1543  — 1607

Michele Ruggieri

Jesuit pioneer missionary in China.

Born in Spinazzola in Puglia, Italy, Ruggieri was a civil lawyer in the government of Philip II, king of Naples. Upon entering the Society of Jesus in 1572, he changed his given name, Pompilio, to Michele. He volunteered for the missions in Asia, was ordained a priest in Lisbon in 1578, and a few weeks later left for Goa, India. Alessandro Valignano, the superior of all the Jesuit missions in Asia, set down a new policy of inculturation of Christianity in Asia and assigned Ruggieri to Macao to study the Chinese language and customs. Arriving in 1579, Ruggieri impressed Chinese merchants during short trips to Canton with his ability to speak Chinese, and succeeded in making contacts with Chinese officials. Matteo Ricci joined him in Macao, and with the permission of the governor general, they built a residence and a church at Chaoch’ing (Zhaoqing), Kwangtung (Guangdong) Province, in 1583. This was the first Catholic mission site in China since the medieval period. Two years later Ruggieri founded a mission in Chekiang (Zhejiang) Province, and in 1587 he did the same in Hukwang (Huguang) Province (area today embraced by the four provinces of Huhei, Hunan, Guangdong, and Guangxi). He composed the first Catholic catechism in Chinese and worked with Ricci in compiling a Portuguese-Chinese dictionary. The recently published Chinese poetry he composed reflects a mature grasp of the language.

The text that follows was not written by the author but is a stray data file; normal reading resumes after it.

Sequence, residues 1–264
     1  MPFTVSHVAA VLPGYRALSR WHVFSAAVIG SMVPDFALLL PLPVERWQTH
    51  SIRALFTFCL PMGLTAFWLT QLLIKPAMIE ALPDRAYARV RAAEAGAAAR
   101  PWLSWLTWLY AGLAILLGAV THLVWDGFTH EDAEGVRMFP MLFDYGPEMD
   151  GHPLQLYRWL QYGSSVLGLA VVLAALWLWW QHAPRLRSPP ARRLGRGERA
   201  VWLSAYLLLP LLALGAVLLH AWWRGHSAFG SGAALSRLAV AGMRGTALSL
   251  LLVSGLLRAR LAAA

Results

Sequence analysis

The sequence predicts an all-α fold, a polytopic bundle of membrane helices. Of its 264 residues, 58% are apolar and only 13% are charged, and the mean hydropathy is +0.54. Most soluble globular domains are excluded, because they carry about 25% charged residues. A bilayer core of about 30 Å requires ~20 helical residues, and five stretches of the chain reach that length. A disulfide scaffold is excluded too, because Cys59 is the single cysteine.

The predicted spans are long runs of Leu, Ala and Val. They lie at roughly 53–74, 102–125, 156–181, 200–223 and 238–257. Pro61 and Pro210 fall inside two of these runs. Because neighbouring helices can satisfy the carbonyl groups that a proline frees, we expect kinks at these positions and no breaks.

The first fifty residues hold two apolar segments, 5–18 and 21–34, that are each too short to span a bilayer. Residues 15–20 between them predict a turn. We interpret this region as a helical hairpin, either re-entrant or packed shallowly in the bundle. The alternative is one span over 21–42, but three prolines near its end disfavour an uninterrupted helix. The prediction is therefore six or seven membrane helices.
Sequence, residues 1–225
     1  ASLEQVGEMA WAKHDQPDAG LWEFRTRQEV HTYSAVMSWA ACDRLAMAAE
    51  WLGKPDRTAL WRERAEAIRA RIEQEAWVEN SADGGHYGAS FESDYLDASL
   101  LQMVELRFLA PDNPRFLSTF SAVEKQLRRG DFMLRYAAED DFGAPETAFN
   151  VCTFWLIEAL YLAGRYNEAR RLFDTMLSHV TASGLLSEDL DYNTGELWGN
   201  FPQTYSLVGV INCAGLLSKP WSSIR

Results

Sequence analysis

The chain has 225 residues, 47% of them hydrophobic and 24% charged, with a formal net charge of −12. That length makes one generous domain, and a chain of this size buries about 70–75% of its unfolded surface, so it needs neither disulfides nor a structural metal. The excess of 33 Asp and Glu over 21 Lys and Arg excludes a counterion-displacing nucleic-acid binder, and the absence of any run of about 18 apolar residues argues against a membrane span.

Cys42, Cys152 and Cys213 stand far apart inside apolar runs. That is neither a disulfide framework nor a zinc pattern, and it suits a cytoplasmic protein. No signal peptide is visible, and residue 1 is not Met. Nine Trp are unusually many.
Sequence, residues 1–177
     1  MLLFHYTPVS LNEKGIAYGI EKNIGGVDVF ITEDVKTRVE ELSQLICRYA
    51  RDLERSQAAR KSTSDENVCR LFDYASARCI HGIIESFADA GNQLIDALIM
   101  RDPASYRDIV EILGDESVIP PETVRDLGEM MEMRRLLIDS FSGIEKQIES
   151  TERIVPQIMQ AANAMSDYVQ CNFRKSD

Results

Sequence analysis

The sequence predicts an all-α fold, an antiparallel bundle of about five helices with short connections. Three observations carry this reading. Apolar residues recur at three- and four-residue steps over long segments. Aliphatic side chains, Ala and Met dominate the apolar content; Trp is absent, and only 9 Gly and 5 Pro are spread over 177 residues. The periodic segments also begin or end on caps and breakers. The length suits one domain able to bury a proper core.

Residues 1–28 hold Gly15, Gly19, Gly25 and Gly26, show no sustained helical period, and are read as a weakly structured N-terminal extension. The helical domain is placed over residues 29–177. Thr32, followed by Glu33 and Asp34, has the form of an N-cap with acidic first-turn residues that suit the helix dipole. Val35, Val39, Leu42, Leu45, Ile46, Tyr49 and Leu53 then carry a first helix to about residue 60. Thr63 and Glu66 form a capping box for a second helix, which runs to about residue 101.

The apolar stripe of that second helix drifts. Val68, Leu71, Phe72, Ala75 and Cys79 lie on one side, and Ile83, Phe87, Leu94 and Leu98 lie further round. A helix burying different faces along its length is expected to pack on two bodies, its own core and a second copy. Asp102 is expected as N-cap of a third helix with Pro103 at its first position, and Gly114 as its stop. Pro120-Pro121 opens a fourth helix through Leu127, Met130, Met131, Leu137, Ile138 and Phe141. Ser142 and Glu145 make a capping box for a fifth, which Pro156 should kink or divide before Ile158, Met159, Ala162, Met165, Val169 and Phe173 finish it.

In 1588 Valignano sent Ruggieri to Rome to propose that a papal embassy be sent to the emperor to obtain his permission to preach Christianity in China. The death of four popes in quick succession prevented Ruggieri from accomplishing that goal. In poor health even when in China, Ruggieri remained in Italy and died at Salerno.


This article is reprinted from Biographical Dictionary of Christian Missions, Macmillan Reference USA, copyright (c) 1998 Gerald H. Anderson, by permission of The Gale Group; Wm. B. Eerdmans Publishing Co., Grand Rapids, Michigan. All rights reserved.


  • Michele Ruggieri, T’ien-chu shih-lu (True Record of the Lord of Heaven) (1584). 
  • Henri Bernard, Aux portes de la Chine (1933) and Le Pere Mathieu Ricci et la societe chinoise de son temps, 2 vols. (1937), 1:33,47,59, 78, 88, 95, 127.
  • Albert Chan, “Michele Ruggieri (1543-1607) and His Chinese Poems,” Monumenta Serica 41 (1993): 129-167.
  • Pasquale M. d’Elia, ed. Fonti Ricciane, 3 vols. (1942-1949), 1:147, 174-177, 264.
  • George H. Dunne, Generation of Giants (1962), pp. 18, 28, 48.
  • Eugenio Lo Sardo, ed., Atlante della Cina di Michele Ruggieri, S.J. (1993).

About the Author

John W. Witek

Associate Professor of East Asian History, Georgetown University, Washington D.C., USA